• Discovering how your thoughts affect your feelings and behavior
  • Scheduling activities for yourself that bring you enjoyment and a sense of accomplishment.
  • Recognizing how your actions influence your thoughts and emotions.
  • Planning ways to make the best use of your time.

3) Finding New Hobbies

Till you don't try, you won't know what your hobby is. (Image via Pexels/Steve Johnson)
Till you don't try, you won't know what your hobby is. (Image via Pexels/Steve Johnson)

A wonderful strategy to step outside of your comfort zone is to explore a new activity.

When you try something new and also enjoy yourself, the entire experience can be incredibly validating. You don't have to be the best at everything you do; in fact, you probably won't be till you practice them for a while.

Before you give something a try, you will never know what you like. If you are concerned about the cost of beginning a new activity, see if you can borrow some supplies from a friend or acquaintance to give new things a try.

4) Relaxation Techniques

If you've ever been in therapy, it's possible that your therapist has talked to you about coping tactics and relaxation techniques.

Individuals respond differently to various relaxation techniques. Additionally, each technique is appropriate for a particular circumstance, so pick your technique carefully.

Deep breathing exercises have several benefits. To double the benefits, combine them with yoga.

While under stress, some people find comfort in using sensory grounding strategies like playing with a fidget toy or chewing gum. When you need to unwind, think about taking the day off. Spend the day engaging in activities you enjoy, such as going to the spa or engaging in your favorite pastimes.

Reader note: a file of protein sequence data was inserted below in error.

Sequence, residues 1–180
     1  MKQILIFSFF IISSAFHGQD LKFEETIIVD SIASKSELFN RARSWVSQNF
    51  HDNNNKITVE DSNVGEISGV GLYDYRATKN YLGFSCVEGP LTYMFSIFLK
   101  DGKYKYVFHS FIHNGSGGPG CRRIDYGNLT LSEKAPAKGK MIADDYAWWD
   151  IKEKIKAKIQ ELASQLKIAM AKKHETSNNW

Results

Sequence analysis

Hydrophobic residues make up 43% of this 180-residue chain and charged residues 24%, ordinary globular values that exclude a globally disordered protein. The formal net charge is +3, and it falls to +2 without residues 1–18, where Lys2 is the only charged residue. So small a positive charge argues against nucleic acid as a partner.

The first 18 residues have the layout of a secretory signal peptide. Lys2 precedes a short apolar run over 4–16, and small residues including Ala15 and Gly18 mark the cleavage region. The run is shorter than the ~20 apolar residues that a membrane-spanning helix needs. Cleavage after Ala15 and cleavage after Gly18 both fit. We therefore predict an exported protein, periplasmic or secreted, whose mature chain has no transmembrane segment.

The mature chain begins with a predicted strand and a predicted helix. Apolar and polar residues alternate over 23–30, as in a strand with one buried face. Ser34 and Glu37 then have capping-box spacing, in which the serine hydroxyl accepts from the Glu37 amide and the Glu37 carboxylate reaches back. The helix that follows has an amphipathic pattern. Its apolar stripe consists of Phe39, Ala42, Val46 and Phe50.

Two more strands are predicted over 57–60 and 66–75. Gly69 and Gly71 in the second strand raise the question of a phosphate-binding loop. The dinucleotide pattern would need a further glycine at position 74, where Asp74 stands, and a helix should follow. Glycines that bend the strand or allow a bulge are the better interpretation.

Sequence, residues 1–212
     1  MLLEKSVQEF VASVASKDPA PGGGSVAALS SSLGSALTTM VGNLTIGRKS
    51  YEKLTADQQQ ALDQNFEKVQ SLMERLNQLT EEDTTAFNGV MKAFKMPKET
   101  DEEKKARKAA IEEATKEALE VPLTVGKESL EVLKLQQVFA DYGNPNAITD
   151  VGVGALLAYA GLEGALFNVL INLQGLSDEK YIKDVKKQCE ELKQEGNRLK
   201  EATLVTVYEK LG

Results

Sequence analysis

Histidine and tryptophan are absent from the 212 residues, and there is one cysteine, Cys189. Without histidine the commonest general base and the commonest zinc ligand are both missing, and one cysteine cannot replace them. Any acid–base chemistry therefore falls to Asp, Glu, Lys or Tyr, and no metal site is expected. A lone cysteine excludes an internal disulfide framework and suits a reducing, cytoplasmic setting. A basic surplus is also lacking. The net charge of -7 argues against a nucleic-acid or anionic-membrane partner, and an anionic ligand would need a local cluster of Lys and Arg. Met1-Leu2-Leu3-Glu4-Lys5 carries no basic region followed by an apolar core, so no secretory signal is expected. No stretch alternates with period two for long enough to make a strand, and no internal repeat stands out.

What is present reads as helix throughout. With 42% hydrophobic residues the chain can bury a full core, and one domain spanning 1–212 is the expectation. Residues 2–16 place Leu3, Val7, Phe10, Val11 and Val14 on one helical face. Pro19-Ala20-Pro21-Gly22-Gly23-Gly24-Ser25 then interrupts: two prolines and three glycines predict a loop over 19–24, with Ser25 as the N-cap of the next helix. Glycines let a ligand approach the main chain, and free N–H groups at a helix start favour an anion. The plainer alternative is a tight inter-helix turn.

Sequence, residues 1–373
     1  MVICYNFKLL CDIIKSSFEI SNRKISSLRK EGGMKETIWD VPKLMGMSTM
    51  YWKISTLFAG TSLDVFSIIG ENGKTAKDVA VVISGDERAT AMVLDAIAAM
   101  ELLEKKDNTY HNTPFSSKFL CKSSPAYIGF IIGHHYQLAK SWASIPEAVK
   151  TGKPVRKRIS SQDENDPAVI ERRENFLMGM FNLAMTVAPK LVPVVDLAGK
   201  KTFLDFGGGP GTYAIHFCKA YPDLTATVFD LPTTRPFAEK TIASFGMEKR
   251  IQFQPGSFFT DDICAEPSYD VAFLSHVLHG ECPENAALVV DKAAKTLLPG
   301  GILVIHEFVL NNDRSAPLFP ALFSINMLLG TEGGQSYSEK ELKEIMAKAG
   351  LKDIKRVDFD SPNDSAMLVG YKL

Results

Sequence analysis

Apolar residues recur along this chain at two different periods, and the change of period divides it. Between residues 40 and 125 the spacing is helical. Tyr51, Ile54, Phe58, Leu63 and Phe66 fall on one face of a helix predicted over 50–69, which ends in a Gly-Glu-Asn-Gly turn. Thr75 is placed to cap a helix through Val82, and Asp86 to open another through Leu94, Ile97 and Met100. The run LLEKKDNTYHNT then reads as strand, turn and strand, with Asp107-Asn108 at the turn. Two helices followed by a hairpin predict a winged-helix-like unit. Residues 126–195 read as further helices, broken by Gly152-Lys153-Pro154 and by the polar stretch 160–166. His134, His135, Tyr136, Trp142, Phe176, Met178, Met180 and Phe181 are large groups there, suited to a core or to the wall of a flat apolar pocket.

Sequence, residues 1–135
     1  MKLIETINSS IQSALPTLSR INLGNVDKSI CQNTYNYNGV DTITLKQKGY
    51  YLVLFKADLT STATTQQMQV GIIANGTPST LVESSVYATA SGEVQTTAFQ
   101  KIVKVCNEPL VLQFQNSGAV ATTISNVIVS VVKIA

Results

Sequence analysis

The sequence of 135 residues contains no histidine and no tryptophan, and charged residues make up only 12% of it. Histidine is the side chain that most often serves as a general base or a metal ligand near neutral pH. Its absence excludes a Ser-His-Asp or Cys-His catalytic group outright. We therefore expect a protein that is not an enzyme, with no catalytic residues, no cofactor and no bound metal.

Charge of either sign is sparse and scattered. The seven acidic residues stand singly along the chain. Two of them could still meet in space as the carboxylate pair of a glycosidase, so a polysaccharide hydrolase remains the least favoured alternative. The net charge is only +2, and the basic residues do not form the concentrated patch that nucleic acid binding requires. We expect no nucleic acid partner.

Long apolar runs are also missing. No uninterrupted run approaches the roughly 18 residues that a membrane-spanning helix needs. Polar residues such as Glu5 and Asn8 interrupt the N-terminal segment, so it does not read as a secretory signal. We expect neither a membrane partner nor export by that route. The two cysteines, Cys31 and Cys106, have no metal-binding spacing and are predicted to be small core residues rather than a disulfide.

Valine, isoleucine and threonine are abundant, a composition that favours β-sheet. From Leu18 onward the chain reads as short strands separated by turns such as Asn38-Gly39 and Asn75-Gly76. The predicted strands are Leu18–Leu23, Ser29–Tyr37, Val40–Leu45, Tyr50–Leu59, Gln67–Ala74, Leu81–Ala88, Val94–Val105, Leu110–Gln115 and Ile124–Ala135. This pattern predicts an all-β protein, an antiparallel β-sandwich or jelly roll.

5) Find and Stick to Your Routine

Planners help us to stick to a routine. (Image via Pexels/Bich Tran)
Planners help us to stick to a routine. (Image via Pexels/Bich Tran)

It can be difficult to get out of bed, let alone keep up a regular routine, while suffering from depression, anxiety, or other mental health problem. If you wish to improve your mental health, you must address that issue. It's simpler to maintain motivation when your brain is operating in routine mode.

Get a planner, and write down your ideal schedule so that you can give yourself specific directions. Include bullet lists so that you may mark each task off as you do it. That inspires additional drive. It will be challenging to maintain a routine at first. However, keep at it, and be kind to yourself when you need a break.


Self-directed therapy and wellness tactics are extremely helpful, but they aren’t the only solution to boost mental health. Meeting a licensed therapist can be essential for those with serious conditions and symptoms. Whether you start on your own or with a mental health professional, you deserve better mental well-being.

Janvi Kapur is a counselor with a Master's degree in applied psychology with a specialization in clinical psychology.

What do you think of this story? Tell us in the comments section below.

Edited by Bhargav
Be the first one to comment